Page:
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3 Ways to Cut Your Investment Tax Bill

Scrabble pieces spell out 'tax' on dollar bills

As tax season draws to a close for another year, you may be among those feeling the pinch from taxes paid on investments. I admit that paying taxes is not exactly my favorite thing, so I always look for ways to be more tax-efficient. Here are three things you can do to keep more of what you earn:

First, buy tax-efficient investments. Mutual funds that turn over stocks in the portfolio pass along any taxable gains to their holders. Many active funds buy and sell stocks so frequently that their average holding period is less than a year. Fund owners receive a Form 1099 from the mutual fund company that lists any short- and long-term capital gains. Both create tax consequences and short-term gains are generally taxed at a higher rate.

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Believe it or not, that can even happen in years when the fund’s value declined. A low-cost index fund such as the Vanguard Total Stock ETF (VTI) has very little turnover and allows investors to be in control of when or if they take the gain. Since it essentially owns every publicly held company based in the U.S., it doesn’t have to buy or sell stocks and rarely passes on any capital gains until you sell.

Second, keep  your assets in accounts that are the most tax-efficient. Tax-efficient funds, such as the Vanguard stock index fund mentioned above, belong in taxable accounts. Anything taxed at ordinary income rates, such as bondsCDs and  REITs (real estate investment trusts), generally should be held in tax-deferred accounts. Roth accounts are a bit more complicated because they are tax-free, which makes them much more dependent on each investor’s situation. Even here, an REIT often works since distributions (outside a traditional or Roth IRA) are taxed as ordinary income and REITs also offer more opportunity to grow than bonds. While everything coming out of a Roth is tax-free, both growth potential and shielding ordinary income tax are ideal for Roth accounts.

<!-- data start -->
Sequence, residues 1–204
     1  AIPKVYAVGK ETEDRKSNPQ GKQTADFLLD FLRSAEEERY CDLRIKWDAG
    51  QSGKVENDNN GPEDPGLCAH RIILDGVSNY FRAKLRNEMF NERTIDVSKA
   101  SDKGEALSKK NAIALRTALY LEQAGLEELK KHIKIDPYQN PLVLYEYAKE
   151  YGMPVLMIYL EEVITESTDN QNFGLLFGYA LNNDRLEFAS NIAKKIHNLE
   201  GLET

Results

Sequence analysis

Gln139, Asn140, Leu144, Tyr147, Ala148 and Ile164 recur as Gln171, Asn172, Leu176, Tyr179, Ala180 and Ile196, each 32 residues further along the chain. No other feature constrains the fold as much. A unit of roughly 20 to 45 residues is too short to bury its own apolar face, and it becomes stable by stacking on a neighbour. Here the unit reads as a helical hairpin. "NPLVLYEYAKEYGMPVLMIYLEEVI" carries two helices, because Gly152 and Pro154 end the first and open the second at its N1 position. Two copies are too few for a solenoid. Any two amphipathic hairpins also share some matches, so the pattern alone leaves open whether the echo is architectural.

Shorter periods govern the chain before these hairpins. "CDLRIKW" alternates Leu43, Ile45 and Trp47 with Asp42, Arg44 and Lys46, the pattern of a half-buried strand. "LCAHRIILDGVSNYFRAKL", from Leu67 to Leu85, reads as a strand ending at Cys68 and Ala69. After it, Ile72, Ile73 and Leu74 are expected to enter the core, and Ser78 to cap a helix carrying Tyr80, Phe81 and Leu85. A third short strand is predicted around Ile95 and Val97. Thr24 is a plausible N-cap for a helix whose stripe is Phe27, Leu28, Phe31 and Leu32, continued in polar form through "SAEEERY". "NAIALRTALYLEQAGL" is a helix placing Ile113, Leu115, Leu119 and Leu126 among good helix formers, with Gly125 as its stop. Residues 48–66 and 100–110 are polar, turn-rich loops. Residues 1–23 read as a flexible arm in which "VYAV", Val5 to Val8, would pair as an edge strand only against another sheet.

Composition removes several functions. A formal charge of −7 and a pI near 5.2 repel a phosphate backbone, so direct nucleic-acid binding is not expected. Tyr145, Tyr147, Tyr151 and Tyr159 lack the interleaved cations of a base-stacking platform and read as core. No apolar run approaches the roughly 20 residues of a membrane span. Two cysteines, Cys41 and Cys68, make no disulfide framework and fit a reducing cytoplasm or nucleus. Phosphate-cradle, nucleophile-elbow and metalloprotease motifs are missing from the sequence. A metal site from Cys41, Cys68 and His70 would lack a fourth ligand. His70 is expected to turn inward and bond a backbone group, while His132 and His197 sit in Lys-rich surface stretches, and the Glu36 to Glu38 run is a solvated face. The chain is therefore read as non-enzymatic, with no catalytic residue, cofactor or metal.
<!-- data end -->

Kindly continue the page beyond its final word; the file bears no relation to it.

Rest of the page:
So to review, assets to place in tax-deferred accounts include:

  •    Bonds
  •    CDs
  •    REITs
  •    Stocks or stock mutual funds that trade stocks actively

Assets to put in taxable accounts:

  •    Low-turnover equity mutual funds
  •    Individual stocks held for long periods

Third, harvest your tax losses. Losses hurt and we don’t like to recognize them. But those losses have great value when tax time rolls around. I recommend selling anything at a loss and simultaneously buying a similar investment to avoid being out of the market. You also don’t want to run afoul of IRS rules. The rules say you can’t claim the loss if you buy it back within 30 days, calling it a wash sale. So, if your Vanguard Total Stock Index fund tanks, you can sell it and buy the Schwab Broad Market Index Fund (SCHB), which follows a similar U.S. stock index.

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I’ve always said that investing was simple, yet I’ve never said taxes were. There are many exceptions to the rules above in individual situations, depending on variables such as current and future income, tax-loss carryforwards and the like.

Remember that taxes are costs too, and tax-efficient investing is critical to building and maintaining a nest egg. Though we all like to pay less in taxes, the better goal is to make more money after taxes.

Photo: 401(k)2013/flickr

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